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Title: Study of nanosecond laser-produced plasmas in atmosphere by spatially resolved optical emission spectroscopy

We investigate the evolution of the species from both the target and the air, and the plasma parameter distribution of the nanosecond laser-produced plasmas in atmospheric air. The technique used is spatially resolved optical emission spectroscopy. It is argued that the N II from the air, which is distributed over a wider region than the target species in the early stages of the discharge, is primarily formed by the shock wave. The ionized species have a larger expansion velocity than the excited atoms in the first ∼100 ns, providing direct evidence for space-charge effects. The electron density decreases with the distance from the target surface in the early stages of the discharge, and both the electron density and the excited temperature variation in the axial direction are found to become insignificant at later stages.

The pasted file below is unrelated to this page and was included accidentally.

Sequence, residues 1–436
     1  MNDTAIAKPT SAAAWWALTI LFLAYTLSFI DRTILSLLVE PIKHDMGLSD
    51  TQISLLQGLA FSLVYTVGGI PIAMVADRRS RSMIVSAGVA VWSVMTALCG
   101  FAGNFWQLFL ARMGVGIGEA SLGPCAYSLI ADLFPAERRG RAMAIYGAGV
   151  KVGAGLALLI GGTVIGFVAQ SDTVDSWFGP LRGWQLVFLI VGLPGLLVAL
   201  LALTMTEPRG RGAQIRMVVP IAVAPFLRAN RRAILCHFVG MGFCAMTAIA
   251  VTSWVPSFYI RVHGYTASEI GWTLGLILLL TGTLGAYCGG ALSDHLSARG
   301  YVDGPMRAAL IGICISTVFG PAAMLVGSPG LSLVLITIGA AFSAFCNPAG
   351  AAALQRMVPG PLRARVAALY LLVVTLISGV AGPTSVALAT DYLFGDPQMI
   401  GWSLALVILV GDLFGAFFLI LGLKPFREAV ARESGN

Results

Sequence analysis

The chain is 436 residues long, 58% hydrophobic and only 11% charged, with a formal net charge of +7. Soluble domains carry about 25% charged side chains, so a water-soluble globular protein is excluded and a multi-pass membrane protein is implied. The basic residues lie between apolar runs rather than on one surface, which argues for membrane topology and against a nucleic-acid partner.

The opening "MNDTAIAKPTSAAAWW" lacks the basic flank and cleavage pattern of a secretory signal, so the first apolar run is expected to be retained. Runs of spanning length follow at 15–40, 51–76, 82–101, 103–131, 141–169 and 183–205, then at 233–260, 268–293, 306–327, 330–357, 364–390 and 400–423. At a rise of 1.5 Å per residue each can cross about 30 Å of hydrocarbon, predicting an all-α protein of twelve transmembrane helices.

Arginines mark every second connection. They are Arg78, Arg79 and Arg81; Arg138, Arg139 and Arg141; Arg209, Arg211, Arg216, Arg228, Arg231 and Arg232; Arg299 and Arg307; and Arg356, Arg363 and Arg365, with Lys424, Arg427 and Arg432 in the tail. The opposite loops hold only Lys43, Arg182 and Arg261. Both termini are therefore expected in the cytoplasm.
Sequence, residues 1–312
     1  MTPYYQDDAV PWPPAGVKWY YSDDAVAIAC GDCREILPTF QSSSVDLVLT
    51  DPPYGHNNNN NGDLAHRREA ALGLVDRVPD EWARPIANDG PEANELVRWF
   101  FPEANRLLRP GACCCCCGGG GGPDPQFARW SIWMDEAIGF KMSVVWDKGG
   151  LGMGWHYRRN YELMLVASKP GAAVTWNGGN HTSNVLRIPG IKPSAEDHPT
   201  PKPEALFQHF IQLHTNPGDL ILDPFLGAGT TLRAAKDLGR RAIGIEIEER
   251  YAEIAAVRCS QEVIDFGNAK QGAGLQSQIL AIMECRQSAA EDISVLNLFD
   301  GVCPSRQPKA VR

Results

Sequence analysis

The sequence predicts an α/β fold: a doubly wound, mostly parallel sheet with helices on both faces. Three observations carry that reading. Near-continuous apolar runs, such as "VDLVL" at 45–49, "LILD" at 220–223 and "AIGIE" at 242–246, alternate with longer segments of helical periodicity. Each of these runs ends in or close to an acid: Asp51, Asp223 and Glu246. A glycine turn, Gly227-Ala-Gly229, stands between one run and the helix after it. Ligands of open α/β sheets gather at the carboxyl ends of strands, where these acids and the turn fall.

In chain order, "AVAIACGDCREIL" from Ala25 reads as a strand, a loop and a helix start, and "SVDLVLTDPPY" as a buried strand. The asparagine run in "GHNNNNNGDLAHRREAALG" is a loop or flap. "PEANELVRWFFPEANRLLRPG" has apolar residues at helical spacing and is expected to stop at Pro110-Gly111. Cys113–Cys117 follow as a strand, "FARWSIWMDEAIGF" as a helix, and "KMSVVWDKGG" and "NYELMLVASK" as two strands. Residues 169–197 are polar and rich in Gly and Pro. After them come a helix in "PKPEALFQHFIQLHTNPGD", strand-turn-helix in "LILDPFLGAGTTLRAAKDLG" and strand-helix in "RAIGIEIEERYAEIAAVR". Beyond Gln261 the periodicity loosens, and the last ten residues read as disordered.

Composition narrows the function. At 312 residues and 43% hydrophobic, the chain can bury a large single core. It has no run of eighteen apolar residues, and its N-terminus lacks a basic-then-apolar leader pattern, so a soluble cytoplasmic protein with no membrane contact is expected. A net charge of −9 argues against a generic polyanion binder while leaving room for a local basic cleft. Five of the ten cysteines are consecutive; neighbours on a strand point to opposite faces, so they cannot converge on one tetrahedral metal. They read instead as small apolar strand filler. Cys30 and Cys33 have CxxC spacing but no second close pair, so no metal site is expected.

Authors:
; ; ; ;  [1]
  1. State Key Laboratory of Electrical Insulation and Power Equipment, Xi'an Jiaotong University, No. 28 XianNing West Road, Xi'an, Shaanxi Province 710049 (China)
Publication Date:
OSTI Identifier:
22218002
Resource Type:
Journal Article
Resource Relation:
Journal Name: Journal of Applied Physics; Journal Volume: 114; Journal Issue: 11; Other Information: (c) 2013 AIP Publishing LLC; Country of input: International Atomic Energy Agency (IAEA)
Country of Publication:
United States
Language:
English
Subject:
71 CLASSICAL AND QUANTUM MECHANICS, GENERAL PHYSICS; AIR; ATMOSPHERES; ATOMS; DISTRIBUTION; ELECTRON DENSITY; EMISSION SPECTROSCOPY; EVOLUTION; EXPANSION; LASER-PRODUCED PLASMA; LASERS; PLASMA DENSITY; PLASMA PRODUCTION; SHOCK WAVES; SPACE CHARGE; SURFACES